Activision-Blizzard TV and Film Studio

Blizzard Starts a War against Bots

If any company is known for standing up for its rights, and intellectual property, it’s Activision Blizzard. The most recent case of lawsuits to go out involve these botting programs: HonorBuddy, DemonBuddy, and StormBuddy.

This week, Blizzard Entertainment began a series of lawsuits against James Enright, and the rest of his colleagues, for causing financial harm to the company for his bots in World of Warcraft, Diablo III, and Heroes of the Storm.

Blizzard

“The Bots created by Enright and his team have caused, and are continuing to cause, massive harm to Blizzard. Blizzard’s business depends upon its games being enjoyable and balanced for players of all skill levels,” stated the complaint by Blizzard Entertainment.

For those unaware of these types of bots, they’re more than just gold-selling spam bots. These are very complex bots that will literally play the aforementioned games for you and have caused many complaints from the legitimate player population. One of the biggest issues is for Diablo III and how these bots are making it nearly impossible for non-botting players to compete for a high ladder ranked.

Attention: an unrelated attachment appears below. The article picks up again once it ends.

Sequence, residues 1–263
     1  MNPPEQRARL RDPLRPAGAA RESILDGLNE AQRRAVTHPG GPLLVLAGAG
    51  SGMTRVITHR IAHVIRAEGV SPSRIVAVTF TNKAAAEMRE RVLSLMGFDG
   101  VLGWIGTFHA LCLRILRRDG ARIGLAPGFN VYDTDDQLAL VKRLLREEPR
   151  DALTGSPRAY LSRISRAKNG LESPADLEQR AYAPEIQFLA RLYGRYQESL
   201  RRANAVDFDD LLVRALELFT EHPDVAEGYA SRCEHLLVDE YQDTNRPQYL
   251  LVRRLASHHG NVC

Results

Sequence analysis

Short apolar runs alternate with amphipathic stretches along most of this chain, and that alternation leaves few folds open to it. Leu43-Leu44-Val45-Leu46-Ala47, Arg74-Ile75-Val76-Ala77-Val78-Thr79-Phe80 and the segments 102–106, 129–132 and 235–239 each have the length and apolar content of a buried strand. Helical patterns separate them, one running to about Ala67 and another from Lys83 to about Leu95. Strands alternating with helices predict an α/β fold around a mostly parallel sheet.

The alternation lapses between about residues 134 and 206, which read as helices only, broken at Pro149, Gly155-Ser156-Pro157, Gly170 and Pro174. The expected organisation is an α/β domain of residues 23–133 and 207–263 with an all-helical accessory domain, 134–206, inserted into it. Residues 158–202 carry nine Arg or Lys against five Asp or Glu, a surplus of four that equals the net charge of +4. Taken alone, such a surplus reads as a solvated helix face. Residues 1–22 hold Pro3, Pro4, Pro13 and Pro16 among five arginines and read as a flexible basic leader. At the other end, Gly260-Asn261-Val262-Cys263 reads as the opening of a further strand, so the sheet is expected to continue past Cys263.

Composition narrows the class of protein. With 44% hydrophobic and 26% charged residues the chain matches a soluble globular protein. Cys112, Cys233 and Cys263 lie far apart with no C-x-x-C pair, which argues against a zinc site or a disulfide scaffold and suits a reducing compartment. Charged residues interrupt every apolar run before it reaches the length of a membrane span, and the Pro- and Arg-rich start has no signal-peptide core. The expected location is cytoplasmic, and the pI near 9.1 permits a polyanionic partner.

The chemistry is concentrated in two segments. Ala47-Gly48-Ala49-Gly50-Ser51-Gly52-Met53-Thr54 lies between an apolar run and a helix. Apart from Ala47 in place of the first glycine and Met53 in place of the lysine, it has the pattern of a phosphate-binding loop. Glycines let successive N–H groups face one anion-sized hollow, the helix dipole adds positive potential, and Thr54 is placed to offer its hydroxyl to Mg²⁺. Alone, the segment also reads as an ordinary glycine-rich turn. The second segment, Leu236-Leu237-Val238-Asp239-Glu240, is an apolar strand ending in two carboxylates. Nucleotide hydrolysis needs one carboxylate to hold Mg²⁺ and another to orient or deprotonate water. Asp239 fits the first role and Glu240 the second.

Our Thoughts:

Bots are almost never good for a game or its economy. They make the actions of legitimate players less impactful on the game, and playing with bots in a PvP-focused game like Heroes of the Storm is completely frustrating. However, with Blizzard’s recent lawsuit failure against gold-selling company Bossland GmbH, it’s unlikely that Blizzard will see much success here. It’s probably best if they just stick to banning the accounts of known botters.

Source: Court Documents

Related: , , , , ,

About Nick Shively

Nick is an eSports and RPG enthusiast. He can normally be found in the deepest parts of a dungeon or in the arena slaying opponents. Nick has been a gamer since an early age and involved in the industry since 2011. He obtained a degree in journalism from the Walter Cronkite School of Journalism and Mass Communication in 2015.